JACKSON, Wyo. — It may be summer’s end, but a staffing shortage that has burdened Jackson’s small businesses in the last several months, is not dwindling with the season.
Yesterday, Altitude, a women’s clothing store located on Town Square, announced that they plan to shorten their hours due to a shortage of staff.
“Staffing shortages here in Jackson mean we must adjust our hours. We thank you for your patience during this difficult time. While subpar customer [service] isn’t what we want to provide, we sadly can only do so much to accommodate everyone,” Altitude said in a post to social media.
“Shopping small isn’t always easy, the parking, the tourists, the fact we can’t afford to do free shopping both ways, etc.”
Last month when Buckrail spoke with Dan Quirk, manager of The Bird, he said that staffing shortages have affected management’s ability to properly run the restaurant like they used to.
“Normally I’ll have the front of house fully staffed by early April, but I’ve been training someone every week this summer,” Quirk said. “I used to set a schedule that would run through September, but this year it is almost a day-to-day thing.”
In July, The Bird shut down its Sunday brunch, a dining experience that locals religiously attended. It was a signal to the community that their staff could not be overworked if they wanted to continue to operate for the season.
However, The Bird wasn’t the first to shorten their hours. In late May, Parks & Rec along with the Library, announced that they would close on Sundays until their staff positions were filled. In June, both Trio and Local decided to close on Saturdays due to staffing issues. The popular restaurants, owned by Chef Will Bradof and Chef Paul Wireman are located in downtown Jackson and serve hundreds of guests per night.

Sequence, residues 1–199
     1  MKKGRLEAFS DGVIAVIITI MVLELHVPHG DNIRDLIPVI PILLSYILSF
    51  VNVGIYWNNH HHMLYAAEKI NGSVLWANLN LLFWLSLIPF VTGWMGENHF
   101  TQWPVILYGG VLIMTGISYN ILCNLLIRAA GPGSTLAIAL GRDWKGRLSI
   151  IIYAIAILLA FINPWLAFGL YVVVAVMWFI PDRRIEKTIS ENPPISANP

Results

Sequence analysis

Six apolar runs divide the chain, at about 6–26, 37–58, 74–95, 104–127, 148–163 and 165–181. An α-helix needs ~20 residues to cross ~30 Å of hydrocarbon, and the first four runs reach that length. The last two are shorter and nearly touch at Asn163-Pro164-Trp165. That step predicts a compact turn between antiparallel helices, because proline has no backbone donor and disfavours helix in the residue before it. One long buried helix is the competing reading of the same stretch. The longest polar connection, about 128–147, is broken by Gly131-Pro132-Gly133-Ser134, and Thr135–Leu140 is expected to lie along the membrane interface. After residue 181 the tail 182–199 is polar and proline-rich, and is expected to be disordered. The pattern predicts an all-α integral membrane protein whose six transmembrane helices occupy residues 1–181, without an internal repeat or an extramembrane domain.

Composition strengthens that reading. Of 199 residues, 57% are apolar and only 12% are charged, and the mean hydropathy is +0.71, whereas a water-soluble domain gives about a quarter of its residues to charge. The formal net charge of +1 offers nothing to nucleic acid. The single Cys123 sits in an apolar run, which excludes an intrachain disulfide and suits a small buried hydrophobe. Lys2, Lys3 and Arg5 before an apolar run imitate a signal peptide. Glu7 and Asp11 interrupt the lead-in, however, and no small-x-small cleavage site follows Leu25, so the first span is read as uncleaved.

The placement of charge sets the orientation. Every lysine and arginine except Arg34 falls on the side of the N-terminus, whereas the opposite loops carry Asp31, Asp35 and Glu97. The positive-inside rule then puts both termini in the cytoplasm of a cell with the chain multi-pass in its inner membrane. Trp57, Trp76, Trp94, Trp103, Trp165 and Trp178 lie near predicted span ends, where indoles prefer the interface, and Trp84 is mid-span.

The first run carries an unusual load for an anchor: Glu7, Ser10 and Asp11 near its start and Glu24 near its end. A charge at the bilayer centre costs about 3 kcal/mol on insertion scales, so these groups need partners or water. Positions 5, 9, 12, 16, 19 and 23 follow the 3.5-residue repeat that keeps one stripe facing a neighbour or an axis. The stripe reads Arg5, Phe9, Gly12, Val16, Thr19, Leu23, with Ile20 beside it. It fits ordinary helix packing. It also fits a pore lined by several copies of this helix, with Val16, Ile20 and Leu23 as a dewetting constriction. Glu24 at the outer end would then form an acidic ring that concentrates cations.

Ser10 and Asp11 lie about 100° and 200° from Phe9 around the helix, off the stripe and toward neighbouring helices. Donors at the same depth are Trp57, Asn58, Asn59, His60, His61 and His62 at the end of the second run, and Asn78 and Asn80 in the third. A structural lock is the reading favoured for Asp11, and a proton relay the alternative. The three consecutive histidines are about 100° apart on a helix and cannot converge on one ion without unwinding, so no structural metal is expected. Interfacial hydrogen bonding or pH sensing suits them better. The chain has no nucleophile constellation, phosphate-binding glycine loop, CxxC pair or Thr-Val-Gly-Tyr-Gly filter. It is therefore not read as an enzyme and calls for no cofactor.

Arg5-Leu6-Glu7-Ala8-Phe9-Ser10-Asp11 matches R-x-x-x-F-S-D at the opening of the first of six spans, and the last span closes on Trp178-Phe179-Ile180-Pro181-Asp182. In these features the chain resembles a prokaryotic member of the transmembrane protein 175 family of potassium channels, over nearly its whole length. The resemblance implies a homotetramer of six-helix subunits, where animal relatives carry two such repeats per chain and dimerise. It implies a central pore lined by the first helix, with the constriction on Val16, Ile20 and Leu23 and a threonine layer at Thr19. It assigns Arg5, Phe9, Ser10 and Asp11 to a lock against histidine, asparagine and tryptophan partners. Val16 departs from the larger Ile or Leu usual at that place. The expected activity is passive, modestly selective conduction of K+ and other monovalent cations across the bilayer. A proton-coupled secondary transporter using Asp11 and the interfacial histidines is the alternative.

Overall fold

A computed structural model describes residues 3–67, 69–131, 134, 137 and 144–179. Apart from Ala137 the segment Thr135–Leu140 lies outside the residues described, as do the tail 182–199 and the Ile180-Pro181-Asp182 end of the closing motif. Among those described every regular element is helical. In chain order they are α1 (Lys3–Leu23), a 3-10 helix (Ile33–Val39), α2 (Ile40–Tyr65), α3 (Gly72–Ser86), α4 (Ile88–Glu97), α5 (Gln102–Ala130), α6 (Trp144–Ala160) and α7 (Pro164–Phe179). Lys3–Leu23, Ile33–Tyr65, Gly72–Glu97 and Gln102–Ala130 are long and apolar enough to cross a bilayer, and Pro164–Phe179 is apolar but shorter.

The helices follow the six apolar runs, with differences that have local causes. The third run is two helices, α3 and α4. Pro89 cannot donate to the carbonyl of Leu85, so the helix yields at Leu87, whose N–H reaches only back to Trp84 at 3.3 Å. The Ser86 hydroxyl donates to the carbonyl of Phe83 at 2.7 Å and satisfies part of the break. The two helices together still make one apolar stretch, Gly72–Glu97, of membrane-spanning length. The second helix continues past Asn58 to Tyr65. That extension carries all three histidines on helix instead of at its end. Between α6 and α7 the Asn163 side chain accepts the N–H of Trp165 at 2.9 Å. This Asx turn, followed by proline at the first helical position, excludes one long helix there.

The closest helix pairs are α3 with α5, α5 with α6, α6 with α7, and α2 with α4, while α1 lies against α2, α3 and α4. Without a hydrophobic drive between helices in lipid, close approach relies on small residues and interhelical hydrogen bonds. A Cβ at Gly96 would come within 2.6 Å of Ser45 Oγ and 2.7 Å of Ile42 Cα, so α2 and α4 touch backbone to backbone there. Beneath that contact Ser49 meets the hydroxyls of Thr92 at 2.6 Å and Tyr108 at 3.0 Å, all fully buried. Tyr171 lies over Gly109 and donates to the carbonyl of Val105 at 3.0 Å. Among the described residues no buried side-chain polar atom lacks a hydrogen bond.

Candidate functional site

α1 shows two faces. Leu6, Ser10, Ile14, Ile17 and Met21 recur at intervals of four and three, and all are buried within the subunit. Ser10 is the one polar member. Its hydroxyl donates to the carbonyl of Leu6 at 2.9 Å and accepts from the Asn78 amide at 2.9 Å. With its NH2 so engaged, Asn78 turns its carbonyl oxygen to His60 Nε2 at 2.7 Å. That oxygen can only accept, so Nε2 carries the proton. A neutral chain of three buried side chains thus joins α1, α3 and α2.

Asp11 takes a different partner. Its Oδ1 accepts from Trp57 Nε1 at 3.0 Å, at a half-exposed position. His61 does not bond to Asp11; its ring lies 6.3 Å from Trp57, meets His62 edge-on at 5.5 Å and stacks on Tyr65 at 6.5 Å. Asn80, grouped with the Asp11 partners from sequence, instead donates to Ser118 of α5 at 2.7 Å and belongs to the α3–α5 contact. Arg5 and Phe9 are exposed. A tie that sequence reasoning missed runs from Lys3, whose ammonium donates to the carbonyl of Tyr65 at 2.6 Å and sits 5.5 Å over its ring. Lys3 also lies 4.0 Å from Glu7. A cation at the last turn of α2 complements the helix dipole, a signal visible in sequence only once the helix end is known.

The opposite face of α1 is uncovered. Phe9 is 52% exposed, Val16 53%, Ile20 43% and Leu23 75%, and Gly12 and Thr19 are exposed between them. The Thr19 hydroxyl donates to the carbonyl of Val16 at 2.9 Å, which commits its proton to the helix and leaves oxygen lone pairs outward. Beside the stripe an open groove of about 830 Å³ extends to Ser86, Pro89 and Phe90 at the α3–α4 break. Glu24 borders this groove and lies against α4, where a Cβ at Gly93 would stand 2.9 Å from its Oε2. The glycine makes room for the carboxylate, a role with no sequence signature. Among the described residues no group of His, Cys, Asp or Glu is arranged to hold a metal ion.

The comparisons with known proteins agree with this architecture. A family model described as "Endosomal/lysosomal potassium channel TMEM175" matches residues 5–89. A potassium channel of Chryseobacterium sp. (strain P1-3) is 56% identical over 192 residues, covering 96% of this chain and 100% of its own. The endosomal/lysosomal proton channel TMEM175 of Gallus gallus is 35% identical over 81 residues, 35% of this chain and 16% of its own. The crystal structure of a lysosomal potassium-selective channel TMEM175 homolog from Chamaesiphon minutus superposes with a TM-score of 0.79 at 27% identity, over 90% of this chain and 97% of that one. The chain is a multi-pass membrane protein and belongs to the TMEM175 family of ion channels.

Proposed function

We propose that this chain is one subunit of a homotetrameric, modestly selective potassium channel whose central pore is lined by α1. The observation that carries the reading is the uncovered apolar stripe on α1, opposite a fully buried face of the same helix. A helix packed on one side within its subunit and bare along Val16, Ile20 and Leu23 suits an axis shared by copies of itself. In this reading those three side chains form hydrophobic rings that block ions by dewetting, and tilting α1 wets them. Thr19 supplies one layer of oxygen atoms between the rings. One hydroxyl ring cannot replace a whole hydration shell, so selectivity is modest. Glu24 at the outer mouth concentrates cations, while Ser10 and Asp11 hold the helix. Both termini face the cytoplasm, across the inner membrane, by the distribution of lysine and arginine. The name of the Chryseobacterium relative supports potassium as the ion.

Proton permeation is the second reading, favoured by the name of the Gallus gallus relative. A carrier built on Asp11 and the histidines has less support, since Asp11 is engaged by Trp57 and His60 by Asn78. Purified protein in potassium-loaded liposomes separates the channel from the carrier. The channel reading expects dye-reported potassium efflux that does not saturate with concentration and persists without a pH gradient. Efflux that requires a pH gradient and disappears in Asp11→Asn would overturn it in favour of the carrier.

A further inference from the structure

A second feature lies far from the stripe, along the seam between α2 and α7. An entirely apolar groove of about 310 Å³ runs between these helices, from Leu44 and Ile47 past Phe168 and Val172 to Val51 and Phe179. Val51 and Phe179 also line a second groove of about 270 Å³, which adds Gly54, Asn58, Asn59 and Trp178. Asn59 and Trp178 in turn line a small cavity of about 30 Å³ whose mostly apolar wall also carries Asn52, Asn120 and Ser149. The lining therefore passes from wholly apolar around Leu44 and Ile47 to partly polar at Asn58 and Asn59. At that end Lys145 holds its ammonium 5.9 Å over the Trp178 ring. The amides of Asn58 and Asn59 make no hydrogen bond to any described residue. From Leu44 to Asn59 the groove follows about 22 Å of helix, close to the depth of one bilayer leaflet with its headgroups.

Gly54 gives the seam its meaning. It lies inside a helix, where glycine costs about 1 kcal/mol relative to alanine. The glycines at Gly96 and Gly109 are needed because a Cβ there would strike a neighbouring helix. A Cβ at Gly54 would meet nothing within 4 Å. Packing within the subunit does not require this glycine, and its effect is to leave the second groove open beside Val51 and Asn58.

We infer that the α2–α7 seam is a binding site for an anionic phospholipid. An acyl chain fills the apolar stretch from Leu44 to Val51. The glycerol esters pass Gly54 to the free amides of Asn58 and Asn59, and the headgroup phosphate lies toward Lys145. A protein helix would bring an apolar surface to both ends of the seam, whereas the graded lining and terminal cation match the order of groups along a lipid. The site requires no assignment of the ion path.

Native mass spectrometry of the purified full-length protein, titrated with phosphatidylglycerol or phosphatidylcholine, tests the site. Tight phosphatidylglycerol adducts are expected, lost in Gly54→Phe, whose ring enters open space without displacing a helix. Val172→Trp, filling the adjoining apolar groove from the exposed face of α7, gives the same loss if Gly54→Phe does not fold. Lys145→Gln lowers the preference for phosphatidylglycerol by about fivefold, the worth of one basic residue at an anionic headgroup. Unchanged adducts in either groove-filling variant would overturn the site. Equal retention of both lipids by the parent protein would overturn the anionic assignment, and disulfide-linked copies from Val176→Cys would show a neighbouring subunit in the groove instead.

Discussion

When these fine dining restaurants made this announcement earlier in the summer, they explained that the purpose was to ” prioritize the health and happiness of their employees.”
Around the same time, The Jackson Hole Chamber of Commerce released data from a survey compiling responses from 250 members across small, medium and large businesses.
According to the survey findings, over 50% of respondents considered adjusting their operations due to the staffing shortage whether through reducing hours or days (32%), adjusting their product (19%), or closing their business entirely (5%). Mentioned in the “other” category often is leaving Teton County, whether it be allowing remote work or moving their office entirely.
About 85% of employers have increased their wages, 36% offer a referral bonus, and 27% offer a sign-on bonus, said the Chamber.
While these incentives aim to attract more employees, the larger problem at hand is that the town cannot house them. Staffing issues in Jackson go hand in hand with the housing crisis. It’s hard to solve one without fixing the other.
After a season of unprecedented visitation and low numbers of staff available for hire, this tourism-driven town has felt extreme burnout this season. And as the staffing and housing crises continue, so will Jackson’s small businesses suffer.